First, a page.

Every Time by Alice Helliwell

I’m standing with her at a party and we’re holding hands. We’re chatting and laughing and over you come and assert yourself. You insert yourself into our bubble and offer yourself up on a plate. A ménage-à-trois you say, the “French speciality”, one not served in restaurants. You ignore me as I brush off your comments, and approach her again when I’m out of the way. I come over and you laugh at me, my concern mixed with fear a joke.Read More »

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Evolution of a Love Poem by Nadia Neman

I

I loved you before I knew who you were

before my eyes could form your image

your supple breast sustained me

pink

raw

you sustain me still

and for that, I’ll love you forever.

V

you said we were like sisters

velvet brown skin

I tried to kiss you once

with licorice breath

you said girls don’t kiss girls

I said okay.

XII

tall.

lanky.

acne scars

first boy I thought I loved

too plain for me now

too plain for me then

they told me I didn’t deserve much.

XVI

a forest’s shadow on your face

soft-spoken boy

I tried to kiss you once

to push through the brush

the evergreen

you said you don’t kiss girls

I said okay.

I wept.

XVIII

perfect skin,

hands,

lips

gentle and solid

soft and loud

first boy I truly loved

I jumped off a ledge for you

and tumbled down

I still

    haven’t

reached

    the ground.

XIX

I wanted to be done

cruel boy

I thought you loved me

I thought I loved you

a dull, constant pain

I never did love you

I hope your pain is sharp.

XX

soft,

curvy,

radiating

dream girl

I tried to kiss you once

in soft light’s glow

you said you don’t kiss girls

I said okay.

but I watched you walk away

your hips swinging like a hypnotist’s watch.


Nadia Neman is a student at the University of Richmond studying English, French, History, and Arabic. Her main area of study is early twentieth century literature and history, especially focusing on Arab, Francophone, and American literatures. She identifies as pansexual and enjoys delving into queer theory as often as her schedule allows.

I am not my vagina by Parker Diaz

My vagina didn’t become important until I realized I wasn’t a woman. As a woman, no one cared about my vagina unless they wanted to play with it or I wanted to run for office. But once I told everyone that I’m not a woman – well everybody wanted to get all up in there. They wanted to poke and prod and prove it was still there. They wanted to make sense of me, to categorize me, and my vagina was the key to the mystery.Read More »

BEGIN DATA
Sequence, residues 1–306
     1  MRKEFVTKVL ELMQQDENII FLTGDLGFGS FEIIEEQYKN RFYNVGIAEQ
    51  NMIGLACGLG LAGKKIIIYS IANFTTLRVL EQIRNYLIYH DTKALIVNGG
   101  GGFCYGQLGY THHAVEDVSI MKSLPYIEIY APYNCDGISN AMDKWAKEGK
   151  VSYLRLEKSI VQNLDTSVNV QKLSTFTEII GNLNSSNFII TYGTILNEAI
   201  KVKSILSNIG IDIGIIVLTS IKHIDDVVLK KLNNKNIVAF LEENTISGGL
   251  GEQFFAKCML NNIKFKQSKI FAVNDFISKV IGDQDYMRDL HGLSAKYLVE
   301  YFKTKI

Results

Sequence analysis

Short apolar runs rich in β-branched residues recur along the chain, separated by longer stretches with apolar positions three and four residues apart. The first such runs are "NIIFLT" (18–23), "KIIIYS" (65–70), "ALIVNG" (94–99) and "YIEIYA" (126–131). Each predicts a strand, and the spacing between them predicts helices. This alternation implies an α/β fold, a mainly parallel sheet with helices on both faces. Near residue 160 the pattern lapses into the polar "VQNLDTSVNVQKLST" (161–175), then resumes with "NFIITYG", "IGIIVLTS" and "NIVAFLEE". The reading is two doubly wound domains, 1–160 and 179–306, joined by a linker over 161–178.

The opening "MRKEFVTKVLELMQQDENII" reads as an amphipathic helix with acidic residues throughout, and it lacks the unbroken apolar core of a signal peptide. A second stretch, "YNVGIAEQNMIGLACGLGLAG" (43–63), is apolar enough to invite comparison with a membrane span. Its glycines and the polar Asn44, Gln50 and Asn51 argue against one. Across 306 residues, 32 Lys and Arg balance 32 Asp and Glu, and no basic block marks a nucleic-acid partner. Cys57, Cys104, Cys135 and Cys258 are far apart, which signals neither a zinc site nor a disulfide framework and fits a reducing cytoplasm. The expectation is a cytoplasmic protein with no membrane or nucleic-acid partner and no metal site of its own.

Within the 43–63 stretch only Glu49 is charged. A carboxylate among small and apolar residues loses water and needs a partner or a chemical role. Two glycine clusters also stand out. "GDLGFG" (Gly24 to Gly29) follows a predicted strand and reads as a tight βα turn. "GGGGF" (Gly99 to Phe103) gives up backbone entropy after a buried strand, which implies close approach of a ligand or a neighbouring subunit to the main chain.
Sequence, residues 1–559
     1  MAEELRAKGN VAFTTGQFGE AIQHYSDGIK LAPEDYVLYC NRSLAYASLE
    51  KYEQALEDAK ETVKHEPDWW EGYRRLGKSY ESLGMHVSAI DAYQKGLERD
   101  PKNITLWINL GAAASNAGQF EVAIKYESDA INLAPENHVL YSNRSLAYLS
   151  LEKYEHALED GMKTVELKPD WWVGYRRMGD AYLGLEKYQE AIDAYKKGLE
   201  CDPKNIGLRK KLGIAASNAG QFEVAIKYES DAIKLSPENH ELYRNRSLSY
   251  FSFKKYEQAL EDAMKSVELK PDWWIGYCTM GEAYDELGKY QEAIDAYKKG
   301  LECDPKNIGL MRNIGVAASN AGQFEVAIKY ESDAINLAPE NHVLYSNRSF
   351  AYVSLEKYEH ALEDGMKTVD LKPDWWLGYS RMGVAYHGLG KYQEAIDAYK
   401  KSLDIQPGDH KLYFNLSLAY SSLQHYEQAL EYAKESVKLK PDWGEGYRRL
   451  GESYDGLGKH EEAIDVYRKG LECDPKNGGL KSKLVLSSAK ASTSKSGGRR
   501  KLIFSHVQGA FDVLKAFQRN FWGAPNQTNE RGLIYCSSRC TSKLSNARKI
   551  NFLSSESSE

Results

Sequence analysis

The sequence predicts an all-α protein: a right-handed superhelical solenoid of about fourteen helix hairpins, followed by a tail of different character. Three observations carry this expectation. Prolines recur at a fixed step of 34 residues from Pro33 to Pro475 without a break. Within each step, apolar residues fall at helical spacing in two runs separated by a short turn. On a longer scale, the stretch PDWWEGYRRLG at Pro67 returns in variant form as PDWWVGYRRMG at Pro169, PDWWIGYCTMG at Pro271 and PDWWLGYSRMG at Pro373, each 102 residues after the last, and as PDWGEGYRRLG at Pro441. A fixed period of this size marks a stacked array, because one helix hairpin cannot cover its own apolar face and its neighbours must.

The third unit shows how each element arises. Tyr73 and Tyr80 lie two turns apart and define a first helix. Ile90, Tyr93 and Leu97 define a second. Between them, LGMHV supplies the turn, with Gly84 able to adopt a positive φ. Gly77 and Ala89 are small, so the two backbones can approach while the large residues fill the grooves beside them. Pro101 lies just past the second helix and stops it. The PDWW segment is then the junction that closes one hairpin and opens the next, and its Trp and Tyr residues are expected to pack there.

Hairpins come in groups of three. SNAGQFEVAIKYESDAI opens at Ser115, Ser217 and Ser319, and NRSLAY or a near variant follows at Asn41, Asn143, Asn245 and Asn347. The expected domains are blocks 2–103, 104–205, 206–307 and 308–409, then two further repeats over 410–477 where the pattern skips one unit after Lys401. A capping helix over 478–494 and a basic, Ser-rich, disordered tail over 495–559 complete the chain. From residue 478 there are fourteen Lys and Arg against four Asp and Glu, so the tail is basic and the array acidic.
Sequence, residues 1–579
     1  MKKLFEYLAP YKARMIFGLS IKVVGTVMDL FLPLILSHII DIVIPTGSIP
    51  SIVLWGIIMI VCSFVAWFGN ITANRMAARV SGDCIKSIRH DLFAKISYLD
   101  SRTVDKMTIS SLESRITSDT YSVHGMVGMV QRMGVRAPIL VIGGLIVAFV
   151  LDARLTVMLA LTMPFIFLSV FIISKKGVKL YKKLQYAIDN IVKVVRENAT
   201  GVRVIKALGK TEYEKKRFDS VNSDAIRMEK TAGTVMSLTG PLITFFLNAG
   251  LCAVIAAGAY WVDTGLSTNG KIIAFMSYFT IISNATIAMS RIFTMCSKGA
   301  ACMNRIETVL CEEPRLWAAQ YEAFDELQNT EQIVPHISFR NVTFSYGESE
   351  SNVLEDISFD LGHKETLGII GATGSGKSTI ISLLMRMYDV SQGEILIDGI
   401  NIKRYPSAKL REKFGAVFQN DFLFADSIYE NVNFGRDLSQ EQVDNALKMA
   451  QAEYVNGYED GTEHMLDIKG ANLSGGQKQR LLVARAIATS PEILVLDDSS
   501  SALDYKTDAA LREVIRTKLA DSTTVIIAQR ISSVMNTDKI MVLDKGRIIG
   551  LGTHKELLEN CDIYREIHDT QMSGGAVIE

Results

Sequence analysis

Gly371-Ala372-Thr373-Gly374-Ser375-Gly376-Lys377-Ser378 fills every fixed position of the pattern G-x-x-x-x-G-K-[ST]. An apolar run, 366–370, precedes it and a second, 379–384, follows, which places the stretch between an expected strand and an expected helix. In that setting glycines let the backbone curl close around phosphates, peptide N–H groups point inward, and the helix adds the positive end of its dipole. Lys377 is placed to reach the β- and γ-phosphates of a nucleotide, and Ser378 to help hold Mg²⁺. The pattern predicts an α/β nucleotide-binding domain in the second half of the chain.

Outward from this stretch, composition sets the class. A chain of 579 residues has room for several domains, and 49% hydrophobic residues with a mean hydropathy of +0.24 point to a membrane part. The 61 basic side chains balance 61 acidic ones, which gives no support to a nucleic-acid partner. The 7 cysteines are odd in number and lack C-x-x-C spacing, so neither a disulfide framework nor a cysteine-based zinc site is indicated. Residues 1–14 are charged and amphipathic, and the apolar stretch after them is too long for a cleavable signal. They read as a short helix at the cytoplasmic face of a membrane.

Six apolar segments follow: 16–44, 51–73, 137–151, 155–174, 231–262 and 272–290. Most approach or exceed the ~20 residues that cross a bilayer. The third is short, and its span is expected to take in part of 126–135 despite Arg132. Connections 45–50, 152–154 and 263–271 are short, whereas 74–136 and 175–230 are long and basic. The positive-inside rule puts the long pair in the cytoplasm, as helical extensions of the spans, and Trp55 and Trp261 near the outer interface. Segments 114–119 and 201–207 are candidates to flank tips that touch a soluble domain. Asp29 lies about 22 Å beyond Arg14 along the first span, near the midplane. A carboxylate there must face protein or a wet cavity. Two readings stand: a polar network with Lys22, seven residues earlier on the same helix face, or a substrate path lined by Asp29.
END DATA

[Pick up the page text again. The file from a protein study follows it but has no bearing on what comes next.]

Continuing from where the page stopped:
Basketball Stories by Sean Noah Noah

This is a true story: I once rubbed my hands together and started a fire. I was around five and it was Jeffrey’s turn to take care of me and he insisted I wear a dress to the supermarket. Supermarkets are cold and I was angry. Rubbing my hands together didn’t really help: just part of an act of conspicuous misery. There were fits of shivering and chattering teeth; I gave myself goosebumps when I could manage it. Jeffrey understood and said nothing.Read More »

And the first time you meet her by Parker Diaz

And the first time you meet her you don’t meet in the traditional sense. You meet her in a few words sent across vast electronic space. All you know of her is a single message; you don’t even know if she’s even a her. You respond, polite, she responds, enthusiastic.

And then three days later you’re telling her things you’ve never told another living soul. There’s something about the air she emits even through the LED screen that makes you trust her. Your mother told you never to trust anyone on the internet but if there’s one person in the world you don’t trust it’s your mother.Read More »